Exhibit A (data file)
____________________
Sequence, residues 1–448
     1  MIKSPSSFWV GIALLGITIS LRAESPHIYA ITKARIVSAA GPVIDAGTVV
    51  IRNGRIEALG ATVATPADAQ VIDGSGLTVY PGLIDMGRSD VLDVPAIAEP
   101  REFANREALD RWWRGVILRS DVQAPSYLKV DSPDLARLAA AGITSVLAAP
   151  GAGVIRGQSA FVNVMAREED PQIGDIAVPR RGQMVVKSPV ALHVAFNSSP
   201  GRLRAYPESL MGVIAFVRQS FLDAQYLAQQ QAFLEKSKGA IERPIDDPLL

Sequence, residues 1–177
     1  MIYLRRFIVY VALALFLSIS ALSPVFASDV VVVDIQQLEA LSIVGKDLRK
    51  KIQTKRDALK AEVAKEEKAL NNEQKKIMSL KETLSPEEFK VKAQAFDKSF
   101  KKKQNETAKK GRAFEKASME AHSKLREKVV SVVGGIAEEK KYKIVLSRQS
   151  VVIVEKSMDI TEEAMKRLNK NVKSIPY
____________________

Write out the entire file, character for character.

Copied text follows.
Sequence, residues 1–448
     1  MIKSPSSFWV GIALLGITIS LRAESPHIYA ITKARIVSAA GPVIDAGTVV
    51  IRNGRIEALG ATVATPADAQ VIDGSGLTVY PGLIDMGRSD VLDVPAIAEP
   101  REFANREALD RWWRGVILRS DVQAPSYLKV DSPDLARLAA AGITSVLAAP
   151  GAGVIRGQSA FVNVMAREED PQIGDIAVPR RGQMVVKSPV ALHVAFNSSP
   201  GRLRAYPESL MGVIAFVRQS FLDAQYLAQQ QAFLEKSKGA IERPIDDPLL

Sequence, residues 1–177
     1  MIYLRRFIVY VALALFLSIS ALSPVFASDV VVVDIQQLEA LSIVGKDLRK
    51  KIQTKRDALK AEVAKEEKAL NNEQKKIMSL KETLSPEEFK VKAQAFDKSF
   101  KKKQNETAKK GRAFEKASME AHSKLREKVV SVVGGIAEEK KYKIVLSRQS
   151  VVIVEKSMDI TEEAMKRLNK NVKSIPY